A new project, one of eight that successfully secured funding from the Hebrew University of Jerusalem (HUJI) ' Zelman Cowen Academic Initiatives (ZCAI), Australia this year, will focus on developing X-ray detectors from metal halide perovskite materials.
Associate Professor Guohua Jia, from Curtin University's School of Molecular and Life Sciences, said X-ray detectors based on metal halide perovskites are highly sensitive, enabling a very low detection limit, meaning they could lower medical expenses and reduce the risk of radiation to patients.
Dr. Jia said the team would investigate the use of a cheaper metal halide perovskite material made in solution at low temperatures, which is highly sensitive to X-ray irradiation, to fabricate X-ray detectors.
'Based on these materials, we believe we should be able to detect small doses of X-ray photons, converting them into visible light,' Dr. Jia said.
'The associated image can then be recorded using a low-cost, widely accessible digital camera.' Associate Professor Zongyou Yin from Australian National University and Dr. Ido Hadar from the Hebrew University of Jerusalem will work with Dr. Jia on this project.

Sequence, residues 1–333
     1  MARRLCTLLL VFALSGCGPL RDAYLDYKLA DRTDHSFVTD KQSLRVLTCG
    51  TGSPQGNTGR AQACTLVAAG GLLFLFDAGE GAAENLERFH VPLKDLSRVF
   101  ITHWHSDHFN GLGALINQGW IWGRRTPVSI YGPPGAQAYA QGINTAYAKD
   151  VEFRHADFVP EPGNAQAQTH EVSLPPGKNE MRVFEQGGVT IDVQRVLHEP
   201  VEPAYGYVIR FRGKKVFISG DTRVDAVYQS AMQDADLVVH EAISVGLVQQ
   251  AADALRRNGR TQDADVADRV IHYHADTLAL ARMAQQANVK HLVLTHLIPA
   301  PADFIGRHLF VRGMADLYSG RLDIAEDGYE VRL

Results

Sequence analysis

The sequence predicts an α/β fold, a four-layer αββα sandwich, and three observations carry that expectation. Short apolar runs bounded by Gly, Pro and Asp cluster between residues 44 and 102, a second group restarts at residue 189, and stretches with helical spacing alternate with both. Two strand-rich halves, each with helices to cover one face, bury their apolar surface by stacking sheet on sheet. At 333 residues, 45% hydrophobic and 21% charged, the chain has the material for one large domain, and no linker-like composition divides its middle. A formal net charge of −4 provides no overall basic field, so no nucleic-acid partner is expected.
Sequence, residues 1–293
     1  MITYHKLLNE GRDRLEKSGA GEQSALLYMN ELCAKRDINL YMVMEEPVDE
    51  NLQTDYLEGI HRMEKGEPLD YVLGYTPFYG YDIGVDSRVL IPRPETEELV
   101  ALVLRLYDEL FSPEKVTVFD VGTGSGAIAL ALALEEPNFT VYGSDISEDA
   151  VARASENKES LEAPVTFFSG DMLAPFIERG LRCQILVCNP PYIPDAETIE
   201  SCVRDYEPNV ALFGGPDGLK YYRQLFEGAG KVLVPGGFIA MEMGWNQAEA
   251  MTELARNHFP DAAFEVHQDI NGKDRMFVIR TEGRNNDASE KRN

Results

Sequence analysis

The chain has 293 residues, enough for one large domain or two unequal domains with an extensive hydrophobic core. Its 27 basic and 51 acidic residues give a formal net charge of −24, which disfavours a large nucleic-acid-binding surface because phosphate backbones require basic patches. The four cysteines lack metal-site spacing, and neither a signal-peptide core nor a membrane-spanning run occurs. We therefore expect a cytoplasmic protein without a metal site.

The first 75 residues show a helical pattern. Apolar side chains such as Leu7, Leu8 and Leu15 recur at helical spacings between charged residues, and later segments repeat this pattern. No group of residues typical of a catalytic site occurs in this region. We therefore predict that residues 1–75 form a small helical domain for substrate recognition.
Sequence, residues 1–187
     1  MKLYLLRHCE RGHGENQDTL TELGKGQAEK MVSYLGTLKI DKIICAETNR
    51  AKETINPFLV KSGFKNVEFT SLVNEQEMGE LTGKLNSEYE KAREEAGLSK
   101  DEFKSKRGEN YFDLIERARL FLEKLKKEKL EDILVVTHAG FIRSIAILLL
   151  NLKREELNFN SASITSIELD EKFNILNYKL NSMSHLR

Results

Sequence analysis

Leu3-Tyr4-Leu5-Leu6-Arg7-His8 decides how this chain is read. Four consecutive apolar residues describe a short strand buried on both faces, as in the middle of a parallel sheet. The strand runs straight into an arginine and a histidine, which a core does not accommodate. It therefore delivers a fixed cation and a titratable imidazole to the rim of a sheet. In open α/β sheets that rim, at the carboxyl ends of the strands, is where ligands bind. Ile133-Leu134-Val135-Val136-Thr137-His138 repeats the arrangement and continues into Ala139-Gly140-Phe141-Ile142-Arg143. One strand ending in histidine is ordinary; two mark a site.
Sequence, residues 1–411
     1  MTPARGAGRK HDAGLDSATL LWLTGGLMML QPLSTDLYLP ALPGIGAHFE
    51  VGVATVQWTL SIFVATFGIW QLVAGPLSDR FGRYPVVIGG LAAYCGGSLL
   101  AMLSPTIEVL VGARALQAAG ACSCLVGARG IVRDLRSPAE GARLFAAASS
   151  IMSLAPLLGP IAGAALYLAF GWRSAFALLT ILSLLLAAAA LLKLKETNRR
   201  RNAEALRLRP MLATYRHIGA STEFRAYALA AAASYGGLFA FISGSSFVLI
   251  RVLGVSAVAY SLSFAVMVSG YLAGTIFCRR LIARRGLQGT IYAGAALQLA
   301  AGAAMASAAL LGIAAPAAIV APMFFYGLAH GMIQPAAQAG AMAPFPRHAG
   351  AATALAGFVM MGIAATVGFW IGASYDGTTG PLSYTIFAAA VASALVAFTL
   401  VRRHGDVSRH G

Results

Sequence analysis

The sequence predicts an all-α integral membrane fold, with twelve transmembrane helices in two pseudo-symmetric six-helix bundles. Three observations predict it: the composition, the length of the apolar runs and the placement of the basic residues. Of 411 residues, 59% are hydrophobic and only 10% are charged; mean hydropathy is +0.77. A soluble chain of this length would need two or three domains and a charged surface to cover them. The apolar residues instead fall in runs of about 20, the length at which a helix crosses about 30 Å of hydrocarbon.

The competitive funding scheme supports quality research in science, including medical science, and fosters international collaborations between Australian universities and the Hebrew University of Jerusalem, Israel.
The project has been funded for two years, starting in February 2022, with the support of AUD$150,000 (around USD $109,500) for both parties (AUS and HUJI) each year.